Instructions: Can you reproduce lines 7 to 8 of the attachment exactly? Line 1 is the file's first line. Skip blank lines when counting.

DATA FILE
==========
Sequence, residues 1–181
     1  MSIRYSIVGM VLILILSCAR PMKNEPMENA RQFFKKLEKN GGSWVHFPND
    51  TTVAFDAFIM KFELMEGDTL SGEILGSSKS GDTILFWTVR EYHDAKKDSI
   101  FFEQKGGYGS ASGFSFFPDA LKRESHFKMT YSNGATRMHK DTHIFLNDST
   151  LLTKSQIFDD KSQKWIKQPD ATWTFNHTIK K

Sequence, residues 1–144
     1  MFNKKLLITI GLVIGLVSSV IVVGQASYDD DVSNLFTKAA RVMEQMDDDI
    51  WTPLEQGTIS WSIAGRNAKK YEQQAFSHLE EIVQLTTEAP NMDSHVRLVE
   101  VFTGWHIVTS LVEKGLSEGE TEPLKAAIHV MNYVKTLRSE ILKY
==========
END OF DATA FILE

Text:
     1  MFNKKLLITI GLVIGLVSSV IVVGQASYDD DVSNLFTKAA RVMEQMDDDI
    51  WTPLEQGTIS WSIAGRNAKK YEQQAFSHLE EIVQLTTEAP NMDSHVRLVE